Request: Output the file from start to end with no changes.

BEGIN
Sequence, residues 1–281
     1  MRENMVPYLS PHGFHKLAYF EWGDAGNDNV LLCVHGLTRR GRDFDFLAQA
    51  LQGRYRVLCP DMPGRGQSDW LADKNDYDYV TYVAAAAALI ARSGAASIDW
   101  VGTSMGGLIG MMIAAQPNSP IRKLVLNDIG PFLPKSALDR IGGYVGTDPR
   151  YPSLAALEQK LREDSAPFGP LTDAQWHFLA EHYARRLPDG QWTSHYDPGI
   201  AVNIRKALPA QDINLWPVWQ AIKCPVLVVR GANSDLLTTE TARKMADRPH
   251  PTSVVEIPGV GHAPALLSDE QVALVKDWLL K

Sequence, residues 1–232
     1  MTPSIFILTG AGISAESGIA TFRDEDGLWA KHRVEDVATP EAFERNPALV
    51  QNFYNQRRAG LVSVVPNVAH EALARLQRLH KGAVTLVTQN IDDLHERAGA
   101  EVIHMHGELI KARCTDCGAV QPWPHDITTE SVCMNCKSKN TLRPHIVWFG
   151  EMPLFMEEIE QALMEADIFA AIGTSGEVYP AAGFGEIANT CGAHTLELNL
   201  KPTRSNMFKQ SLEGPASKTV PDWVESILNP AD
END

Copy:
Sequence, residues 1–281
     1  MRENMVPYLS PHGFHKLAYF EWGDAGNDNV LLCVHGLTRR GRDFDFLAQA
    51  LQGRYRVLCP DMPGRGQSDW LADKNDYDYV TYVAAAAALI ARSGAASIDW
   101  VGTSMGGLIG MMIAAQPNSP IRKLVLNDIG PFLPKSALDR IGGYVGTDPR
   151  YPSLAALEQK LREDSAPFGP LTDAQWHFLA EHYARRLPDG QWTSHYDPGI
   201  AVNIRKALPA QDINLWPVWQ AIKCPVLVVR GANSDLLTTE TARKMADRPH
   251  PTSVVEIPGV GHAPALLSDE QVALVKDWLL K

Sequence, residues 1–232
     1  MTPSIFILTG AGISAESGIA TFRDEDGLWA KHRVEDVATP EAFERNPALV
    51  QNFYNQRRAG LVSVVPNVAH EALARLQRLH KGAVTLVTQN IDDLHERAGA
   101  EVIHMHGELI KARCTDCGAV QPWPHDITTE SVCMNCKSKN TLRPHIVWFG
   151  EMPLFMEEIE QALMEADIFA AIGTSGEVYP AAGFGEIANT CGAHTLELNL
   201  KPTRSNMFKQ SLEGPASKTV PDWVESILNP AD